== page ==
Strangely, 2 of the 13 patients with no signs of damage had showed such damage a short time after gluten was reintroduced into their diets, only to return to normal as they continued to consume gluten. From this, the researchers concluded that some people might actually become truly latent and tolerate gluten with no adverse effects. It’s also possible that such people actually still have celiac disease and that the intestinal damage has yet to recur, as villous atrophy occurs only at the tail end of celiac disease.
    In fact, delayed relapse of celiac disease after gluten reintroduction supports the notion that people with normal mucosa may in fact have celiac disease. Still, it is highly uncommon for patients with celiac disease to show no clinical symptoms on a long-term gluten-inclusive diet. The level of celiac disease+ intraepithelial lymphocytes has proven to be more useful than mucosal Marsh Type 1 lymphocytes in revealing early developing celiac disease in such cases and in general.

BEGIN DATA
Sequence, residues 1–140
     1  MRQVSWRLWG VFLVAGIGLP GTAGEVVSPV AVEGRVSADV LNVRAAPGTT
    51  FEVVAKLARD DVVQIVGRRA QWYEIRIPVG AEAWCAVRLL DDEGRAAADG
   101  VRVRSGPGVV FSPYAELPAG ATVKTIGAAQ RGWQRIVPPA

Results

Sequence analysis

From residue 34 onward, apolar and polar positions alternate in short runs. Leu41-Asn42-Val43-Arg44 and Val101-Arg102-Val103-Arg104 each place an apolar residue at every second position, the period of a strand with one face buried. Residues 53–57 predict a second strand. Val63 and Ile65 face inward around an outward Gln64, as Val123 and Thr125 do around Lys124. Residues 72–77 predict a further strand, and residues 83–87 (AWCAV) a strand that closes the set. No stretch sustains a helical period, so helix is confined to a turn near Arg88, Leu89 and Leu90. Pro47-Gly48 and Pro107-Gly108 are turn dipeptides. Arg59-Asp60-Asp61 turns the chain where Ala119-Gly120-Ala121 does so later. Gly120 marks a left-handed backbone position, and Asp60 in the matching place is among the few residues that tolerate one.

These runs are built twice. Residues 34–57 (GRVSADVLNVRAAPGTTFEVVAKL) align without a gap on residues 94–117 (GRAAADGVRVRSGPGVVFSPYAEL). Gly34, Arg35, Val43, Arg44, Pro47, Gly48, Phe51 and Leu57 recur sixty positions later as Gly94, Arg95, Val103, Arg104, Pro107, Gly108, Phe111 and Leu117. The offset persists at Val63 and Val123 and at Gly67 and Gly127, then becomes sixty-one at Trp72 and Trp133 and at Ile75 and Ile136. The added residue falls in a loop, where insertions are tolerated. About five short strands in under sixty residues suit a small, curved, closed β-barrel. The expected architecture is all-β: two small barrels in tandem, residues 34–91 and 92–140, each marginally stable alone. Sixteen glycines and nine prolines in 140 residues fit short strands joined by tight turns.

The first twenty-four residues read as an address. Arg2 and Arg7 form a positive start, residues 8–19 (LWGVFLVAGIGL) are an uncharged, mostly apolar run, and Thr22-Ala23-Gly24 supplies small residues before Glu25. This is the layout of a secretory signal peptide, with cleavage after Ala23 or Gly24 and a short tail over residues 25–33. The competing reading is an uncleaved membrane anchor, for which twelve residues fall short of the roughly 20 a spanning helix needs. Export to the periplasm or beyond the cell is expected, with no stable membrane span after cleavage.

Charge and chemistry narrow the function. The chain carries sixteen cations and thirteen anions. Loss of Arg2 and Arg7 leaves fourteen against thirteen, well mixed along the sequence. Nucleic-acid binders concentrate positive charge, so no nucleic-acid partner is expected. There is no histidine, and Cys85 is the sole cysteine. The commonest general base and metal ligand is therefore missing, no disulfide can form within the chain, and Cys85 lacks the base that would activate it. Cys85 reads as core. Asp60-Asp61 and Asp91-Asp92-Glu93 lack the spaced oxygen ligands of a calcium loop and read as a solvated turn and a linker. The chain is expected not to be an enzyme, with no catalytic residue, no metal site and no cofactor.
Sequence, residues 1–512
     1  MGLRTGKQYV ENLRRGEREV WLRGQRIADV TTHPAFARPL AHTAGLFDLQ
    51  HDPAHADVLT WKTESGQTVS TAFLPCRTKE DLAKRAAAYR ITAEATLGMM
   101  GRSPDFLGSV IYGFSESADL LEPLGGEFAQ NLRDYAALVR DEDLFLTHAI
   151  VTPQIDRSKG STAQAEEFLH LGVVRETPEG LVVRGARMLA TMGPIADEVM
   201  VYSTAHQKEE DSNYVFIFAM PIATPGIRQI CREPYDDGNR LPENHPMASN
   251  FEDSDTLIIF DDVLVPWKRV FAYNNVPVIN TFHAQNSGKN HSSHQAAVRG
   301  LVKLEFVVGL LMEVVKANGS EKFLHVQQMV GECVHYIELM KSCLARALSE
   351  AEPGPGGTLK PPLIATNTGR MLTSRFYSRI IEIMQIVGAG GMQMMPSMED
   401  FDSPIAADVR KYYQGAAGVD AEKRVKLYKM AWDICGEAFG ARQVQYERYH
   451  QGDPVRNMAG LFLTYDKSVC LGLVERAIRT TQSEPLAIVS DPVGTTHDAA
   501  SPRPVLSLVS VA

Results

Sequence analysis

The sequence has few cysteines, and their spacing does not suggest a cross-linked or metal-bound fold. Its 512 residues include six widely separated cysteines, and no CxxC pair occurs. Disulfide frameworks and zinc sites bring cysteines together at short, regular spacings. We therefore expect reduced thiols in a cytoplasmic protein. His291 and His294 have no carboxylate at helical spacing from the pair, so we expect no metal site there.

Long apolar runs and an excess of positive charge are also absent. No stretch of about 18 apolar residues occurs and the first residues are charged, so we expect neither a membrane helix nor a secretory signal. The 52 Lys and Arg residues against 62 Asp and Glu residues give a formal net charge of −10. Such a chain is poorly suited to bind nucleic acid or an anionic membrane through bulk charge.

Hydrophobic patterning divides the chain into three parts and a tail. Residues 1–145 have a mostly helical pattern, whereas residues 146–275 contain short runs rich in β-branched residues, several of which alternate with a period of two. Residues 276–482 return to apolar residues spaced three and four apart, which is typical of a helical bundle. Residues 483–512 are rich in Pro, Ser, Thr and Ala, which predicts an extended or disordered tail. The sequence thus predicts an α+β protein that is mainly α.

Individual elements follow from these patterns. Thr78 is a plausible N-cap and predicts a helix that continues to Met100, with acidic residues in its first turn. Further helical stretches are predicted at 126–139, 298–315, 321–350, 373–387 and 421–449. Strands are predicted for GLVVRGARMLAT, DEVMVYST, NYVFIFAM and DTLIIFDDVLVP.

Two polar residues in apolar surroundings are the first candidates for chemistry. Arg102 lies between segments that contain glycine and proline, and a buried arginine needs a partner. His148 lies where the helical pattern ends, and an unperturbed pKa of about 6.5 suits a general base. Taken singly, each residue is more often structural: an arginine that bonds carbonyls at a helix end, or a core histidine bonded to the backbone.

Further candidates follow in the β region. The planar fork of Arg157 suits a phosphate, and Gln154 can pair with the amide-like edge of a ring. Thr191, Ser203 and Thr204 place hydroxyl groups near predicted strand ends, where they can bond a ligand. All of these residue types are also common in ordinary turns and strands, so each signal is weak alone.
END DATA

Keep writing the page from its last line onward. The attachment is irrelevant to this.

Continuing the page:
Reliable diagnosis of celiac disease is important, as untreated celiac disease carries a broad range of associated risks including markedly higher rates of certain cancers. A recent study also suggests celiac disease may also adversely impact both the peripheral the central nervous systems.
    However, regarding the 13 asymptomatic patients, the original diagnosis of celiac would seem to be accurate in each case, as each had celiac-type HLA, either HLA DQ2 or DQ8, and their follow-up exam results showed that 5 of those patients had positive serum antibody results and higher densities of small bowel mucosa celiac disease+ and CD3+ intraepithelial lymphocytes than did the non-celiac control groups. Two of the 13 patients developed symptoms of a relapse during the follow-up.